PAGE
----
Let's Talk: The Flamingo Project
When meeting Neha Samar, the first thing that comes into focus is her kind smile and soft nature — a warm energy surrounds her.
But within, Neha holds a fire.
A fire to stand up for what she believes in, to break tradition and to give others the opportunities that weren’t always available to her.
Neha grew up in Mumbai and was the first female in her family to study — an opportunity she didn’t take lightly.
“Girls are not encouraged to study, and I don't want to make it sound like it's a bad place or anything because I was very loved,” she said.
“The only reason girls don't get an education is because it's how it has always been.”
As the founder of women’s mentorship program The Flamingo Project, being on several advisory committees and a part of Goulburn Valley Pride Group, Neha has always been pushing for change.
In doing so, she has unknowingly become a mentor herself.
“I joined the Pride group because as per the religion that I belong to and the culture, it's not very fondly looked upon,” she said.
“I wanted to literally break the bias by being involved in something that is nothing but people loving each other — it's as simple as that.”
After posting on social media about the group, Neha received a message from a young boy in her village in India, grappling with acceptance of who he was and experiencing bullying.
“It was very confronting for me because there are so many other kids who might not even know what's going on with them and it's because it’s never even spoken about,” she said.
“I think all he wanted to hear was that he was normal, that he was okay.”
Now with two children, Neha works at Indie College to re-engage youth and adults in education, but at only 16 years old, she experienced a life-changing event.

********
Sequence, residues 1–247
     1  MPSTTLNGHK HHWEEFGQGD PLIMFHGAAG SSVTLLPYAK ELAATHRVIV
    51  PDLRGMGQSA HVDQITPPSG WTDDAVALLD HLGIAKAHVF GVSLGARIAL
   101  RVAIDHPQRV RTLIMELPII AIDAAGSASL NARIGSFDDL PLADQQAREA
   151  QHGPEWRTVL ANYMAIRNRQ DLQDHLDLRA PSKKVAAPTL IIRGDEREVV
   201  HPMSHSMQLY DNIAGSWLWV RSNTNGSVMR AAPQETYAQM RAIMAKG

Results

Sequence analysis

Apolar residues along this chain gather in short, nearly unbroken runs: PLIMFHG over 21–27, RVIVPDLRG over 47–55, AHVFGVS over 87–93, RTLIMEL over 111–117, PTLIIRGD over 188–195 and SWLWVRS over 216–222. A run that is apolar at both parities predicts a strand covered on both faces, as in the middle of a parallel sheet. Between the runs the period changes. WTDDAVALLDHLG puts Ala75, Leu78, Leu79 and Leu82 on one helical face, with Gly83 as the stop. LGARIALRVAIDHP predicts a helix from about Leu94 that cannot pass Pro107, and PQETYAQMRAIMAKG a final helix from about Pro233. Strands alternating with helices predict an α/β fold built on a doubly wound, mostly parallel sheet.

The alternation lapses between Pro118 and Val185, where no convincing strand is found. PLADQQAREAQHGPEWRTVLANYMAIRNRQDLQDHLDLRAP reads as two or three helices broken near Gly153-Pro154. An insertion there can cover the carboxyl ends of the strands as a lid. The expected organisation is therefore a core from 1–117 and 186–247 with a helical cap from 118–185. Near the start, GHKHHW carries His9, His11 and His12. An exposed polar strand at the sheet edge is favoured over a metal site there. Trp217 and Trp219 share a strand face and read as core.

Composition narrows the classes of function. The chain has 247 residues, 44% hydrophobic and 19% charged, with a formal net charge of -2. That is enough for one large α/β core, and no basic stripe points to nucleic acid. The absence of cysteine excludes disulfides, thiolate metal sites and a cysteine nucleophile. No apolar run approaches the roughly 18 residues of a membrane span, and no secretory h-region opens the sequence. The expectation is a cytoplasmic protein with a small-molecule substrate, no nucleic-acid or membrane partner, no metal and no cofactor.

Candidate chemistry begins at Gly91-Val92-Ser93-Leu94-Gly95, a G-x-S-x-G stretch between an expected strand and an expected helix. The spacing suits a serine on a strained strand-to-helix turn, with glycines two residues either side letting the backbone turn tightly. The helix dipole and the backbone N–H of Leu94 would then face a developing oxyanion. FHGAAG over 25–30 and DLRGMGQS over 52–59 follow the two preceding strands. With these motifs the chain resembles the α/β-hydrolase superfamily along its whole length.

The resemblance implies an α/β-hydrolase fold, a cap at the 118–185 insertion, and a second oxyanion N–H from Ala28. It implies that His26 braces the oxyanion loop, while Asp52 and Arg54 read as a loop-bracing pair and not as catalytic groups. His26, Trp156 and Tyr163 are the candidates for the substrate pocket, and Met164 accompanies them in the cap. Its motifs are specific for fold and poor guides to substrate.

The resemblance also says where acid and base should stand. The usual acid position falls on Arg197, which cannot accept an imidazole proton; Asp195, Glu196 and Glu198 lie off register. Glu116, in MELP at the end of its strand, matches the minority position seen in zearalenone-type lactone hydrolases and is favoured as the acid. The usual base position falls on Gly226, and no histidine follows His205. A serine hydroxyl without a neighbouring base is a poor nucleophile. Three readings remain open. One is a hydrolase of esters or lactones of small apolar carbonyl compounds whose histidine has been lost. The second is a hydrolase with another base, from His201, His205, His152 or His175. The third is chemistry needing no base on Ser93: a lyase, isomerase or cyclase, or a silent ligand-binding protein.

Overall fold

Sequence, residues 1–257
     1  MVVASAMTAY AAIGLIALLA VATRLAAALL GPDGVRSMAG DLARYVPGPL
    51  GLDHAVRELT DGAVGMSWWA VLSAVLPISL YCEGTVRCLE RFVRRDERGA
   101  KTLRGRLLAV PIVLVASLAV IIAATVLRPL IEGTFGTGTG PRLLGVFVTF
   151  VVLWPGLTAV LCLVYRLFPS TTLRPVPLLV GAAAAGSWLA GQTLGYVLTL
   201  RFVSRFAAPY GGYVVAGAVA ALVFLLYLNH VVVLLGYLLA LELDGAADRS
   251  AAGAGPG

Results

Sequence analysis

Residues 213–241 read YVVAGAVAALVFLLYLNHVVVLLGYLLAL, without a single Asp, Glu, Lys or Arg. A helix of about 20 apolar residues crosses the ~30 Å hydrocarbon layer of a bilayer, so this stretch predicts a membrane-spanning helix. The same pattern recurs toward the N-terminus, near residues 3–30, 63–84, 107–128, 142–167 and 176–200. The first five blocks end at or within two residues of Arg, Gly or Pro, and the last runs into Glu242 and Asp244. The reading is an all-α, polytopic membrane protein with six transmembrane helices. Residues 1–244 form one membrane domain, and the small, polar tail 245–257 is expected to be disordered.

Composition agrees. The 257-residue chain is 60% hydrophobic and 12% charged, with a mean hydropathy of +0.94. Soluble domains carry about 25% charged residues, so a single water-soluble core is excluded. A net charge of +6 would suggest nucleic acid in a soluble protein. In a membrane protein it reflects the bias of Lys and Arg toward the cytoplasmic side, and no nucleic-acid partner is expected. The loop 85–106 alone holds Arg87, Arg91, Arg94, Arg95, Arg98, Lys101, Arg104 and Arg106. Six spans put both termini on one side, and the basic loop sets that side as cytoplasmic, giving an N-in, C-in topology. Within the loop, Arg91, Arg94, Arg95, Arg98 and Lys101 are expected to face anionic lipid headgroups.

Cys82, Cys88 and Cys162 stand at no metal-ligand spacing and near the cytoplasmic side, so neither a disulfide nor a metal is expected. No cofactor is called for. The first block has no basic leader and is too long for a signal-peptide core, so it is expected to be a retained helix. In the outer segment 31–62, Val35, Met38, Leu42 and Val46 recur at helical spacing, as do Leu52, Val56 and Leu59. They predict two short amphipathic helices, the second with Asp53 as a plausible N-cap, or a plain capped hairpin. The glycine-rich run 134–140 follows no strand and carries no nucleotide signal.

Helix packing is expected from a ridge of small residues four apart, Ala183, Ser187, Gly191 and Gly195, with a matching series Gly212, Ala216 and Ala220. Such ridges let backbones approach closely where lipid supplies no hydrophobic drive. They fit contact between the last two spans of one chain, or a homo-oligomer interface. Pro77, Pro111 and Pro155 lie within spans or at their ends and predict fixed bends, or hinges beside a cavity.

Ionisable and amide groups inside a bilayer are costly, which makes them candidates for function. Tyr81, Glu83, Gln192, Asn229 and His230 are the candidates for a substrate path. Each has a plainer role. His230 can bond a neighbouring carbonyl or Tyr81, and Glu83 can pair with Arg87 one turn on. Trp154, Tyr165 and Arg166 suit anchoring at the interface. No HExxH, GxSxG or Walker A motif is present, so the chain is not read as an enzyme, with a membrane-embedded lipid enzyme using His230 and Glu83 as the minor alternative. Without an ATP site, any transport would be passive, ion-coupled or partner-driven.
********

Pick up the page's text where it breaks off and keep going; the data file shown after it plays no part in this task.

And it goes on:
Living in India, she caught the train to school every day, the same train, the same time — her routine was set in stone.
For no reason in particular, she was offered a lift to the station by a friend and consequently took the train prior to her regular one in a decision that would save her life.
Tragically, the train following was part of the Mumbai train bombings.
“At 16, I didn’t know what the world was like, I used to go to school, come back home, maybe get married when I was 18 or 19, like it is tradition,” she said.
“But I didn’t want to ever go through anything like that again, so my mum and dad, they fought for my education and they sent me to Malaysia to study.
“It was a big step for me knowing that I’ve never been out alone, I’d been in a girl’s convent, I hadn’t spoken to another male figure in my life except my father and brothers.
“That was a huge turning point in my life.”
Completing a double major in marketing, Neha worked in Malaysia for eight years before making the move to Australia.
Despite her experience, in migrating to Shepparton with no contacts Neha was confronted with difficulties in sourcing work.
She spent her time trying to find her way in a new city through applying, volunteering, networking and putting herself out there.
Using the power of word of mouth, a fellow mother she met at the library referred Neha to a position in a small lending company.
While grateful for the work, it gave her a new perspective on the region.
“You would see people coming in begging for $10 and it was a really heartbreaking place to work, to be in a position that you are working and talking with such vulnerable people,” she said.
“That’s the place I realised our region needs help, that the reality is far worse than what we see.”
Through this work and her own experiences, she concluded that it’s not always about what you know, but who you know.
She said her breakthrough came when participating in the Fairley Leadership Program, inspiring her to create The Flamingo Project.
“I started to listen to these women, when they spoke I knew they were just like me, with children, families, a successful life,” she said.
“It was really inspiring for me to get there but I always had questions on how? How did you get there? How do you do that?
‘’It made me think, why aren’t people talking to each other without these terms and conditions? Because I really am passionate about getting to know somebody outside of what their profession is.”
The mentorship program began last year with a vision to bring together women from all walks of life, and it now has eight graduates.
“The circle of life came in a way that the woman who helped to get me a job, eight years ago, she was the first person to graduate from The Flamingo Project,” she said.
"She was the first person who actually gave me a chance by giving me a call saying, ‘hey, I've heard of something’, that's all it took and I got that first place.“
Caitlyn Grant and Megan Fisher are opening the conversation on all things with their new weekly column, Let’s Talk. If you or someone you know has a story, contact firstname.lastname@example.org or email@example.com